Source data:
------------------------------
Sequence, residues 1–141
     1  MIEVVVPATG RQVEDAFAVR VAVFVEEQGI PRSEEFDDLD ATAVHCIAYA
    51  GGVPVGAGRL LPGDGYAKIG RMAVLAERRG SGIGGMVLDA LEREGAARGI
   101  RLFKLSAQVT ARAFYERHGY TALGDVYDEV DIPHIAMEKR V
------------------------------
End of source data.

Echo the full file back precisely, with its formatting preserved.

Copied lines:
Sequence, residues 1–141
     1  MIEVVVPATG RQVEDAFAVR VAVFVEEQGI PRSEEFDDLD ATAVHCIAYA
    51  GGVPVGAGRL LPGDGYAKIG RMAVLAERRG SGIGGMVLDA LEREGAARGI
   101  RLFKLSAQVT ARAFYERHGY TALGDVYDEV DIPHIAMEKR V